Thursday, April 29, 2010

So, my father never made "The Desert Song" but he made three other movies.

The first was Stars Over Broadway (1935), a prototypical Hollywood musical of the era, it had something for everyone, from original music by Harry Warren and Al Dubin, to "Carry Me Back to the Lone Prairie," to the operatic aria "Celeste Aida," which came as the dramatic climax to the film. There's a charmingly risqué, quintessentially 1930's number with Jane Froman, choreographed by the crown prince of over-the-top production numbers, Busby Berkeley, called "At Your Service, Madame." Even world heavyweight boxing champ Jack Dempsey makes an appearance, as himself at his New York restaurant, in the scene that opens the movie. Pat O'Brien gets top billing, and the movie also features Frank McHugh, Jean Muir and Frank Fay.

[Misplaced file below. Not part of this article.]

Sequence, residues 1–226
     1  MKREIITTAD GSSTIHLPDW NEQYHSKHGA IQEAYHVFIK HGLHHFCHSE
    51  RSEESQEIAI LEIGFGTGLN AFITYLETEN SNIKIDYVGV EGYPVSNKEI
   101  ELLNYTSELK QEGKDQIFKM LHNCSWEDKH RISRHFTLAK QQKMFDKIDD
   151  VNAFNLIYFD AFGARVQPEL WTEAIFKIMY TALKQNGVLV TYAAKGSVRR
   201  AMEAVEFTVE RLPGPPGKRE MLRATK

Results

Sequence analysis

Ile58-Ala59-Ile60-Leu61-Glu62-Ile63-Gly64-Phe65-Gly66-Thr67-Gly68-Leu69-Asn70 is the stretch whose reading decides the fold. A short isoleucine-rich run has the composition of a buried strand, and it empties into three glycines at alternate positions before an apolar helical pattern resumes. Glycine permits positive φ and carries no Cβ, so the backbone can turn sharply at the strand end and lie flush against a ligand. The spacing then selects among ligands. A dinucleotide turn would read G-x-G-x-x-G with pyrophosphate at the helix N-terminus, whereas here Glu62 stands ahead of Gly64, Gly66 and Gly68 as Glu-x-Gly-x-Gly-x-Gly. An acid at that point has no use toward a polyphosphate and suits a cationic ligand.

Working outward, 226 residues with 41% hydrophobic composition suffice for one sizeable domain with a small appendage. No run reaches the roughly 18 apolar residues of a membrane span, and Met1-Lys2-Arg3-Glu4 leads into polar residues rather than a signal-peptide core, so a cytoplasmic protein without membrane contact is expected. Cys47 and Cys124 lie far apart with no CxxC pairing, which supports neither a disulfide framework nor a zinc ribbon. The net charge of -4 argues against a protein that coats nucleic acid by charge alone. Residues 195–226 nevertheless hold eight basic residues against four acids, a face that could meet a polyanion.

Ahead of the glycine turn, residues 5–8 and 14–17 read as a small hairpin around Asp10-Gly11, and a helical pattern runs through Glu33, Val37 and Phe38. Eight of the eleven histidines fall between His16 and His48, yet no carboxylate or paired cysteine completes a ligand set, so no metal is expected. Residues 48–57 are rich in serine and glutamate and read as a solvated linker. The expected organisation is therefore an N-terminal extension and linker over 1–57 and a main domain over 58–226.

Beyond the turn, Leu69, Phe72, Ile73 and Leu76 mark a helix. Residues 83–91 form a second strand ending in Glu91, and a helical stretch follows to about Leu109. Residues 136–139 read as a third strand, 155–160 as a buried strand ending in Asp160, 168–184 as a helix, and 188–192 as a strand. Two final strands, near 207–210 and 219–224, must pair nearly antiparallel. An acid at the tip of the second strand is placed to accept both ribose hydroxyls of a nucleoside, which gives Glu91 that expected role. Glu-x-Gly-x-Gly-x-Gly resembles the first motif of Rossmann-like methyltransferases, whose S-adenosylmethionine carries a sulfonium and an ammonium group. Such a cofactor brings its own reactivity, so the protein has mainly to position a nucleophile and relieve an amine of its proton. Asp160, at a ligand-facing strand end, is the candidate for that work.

The plot was not unusual for its era, with its rags to riches story, bumpy love affairs, lavish nightclub numbers and crackling (for its time) dialogue. A down-on-his luck theatrical agent (O'Brien) discovers a singing hotel porter (Melton) and takes one last shot at the big time by investing his last dime in the new protégé. As success carries them both to the top, the agent watches sadly as too much high life threatens to ruin his 'investment'. (Prohibition had ended a few years earlier.) The singer eventually comes to his senses, goes to Europe to study, comes back a changed man, and ends up with a triumphant debut at the Metropolitan Opera.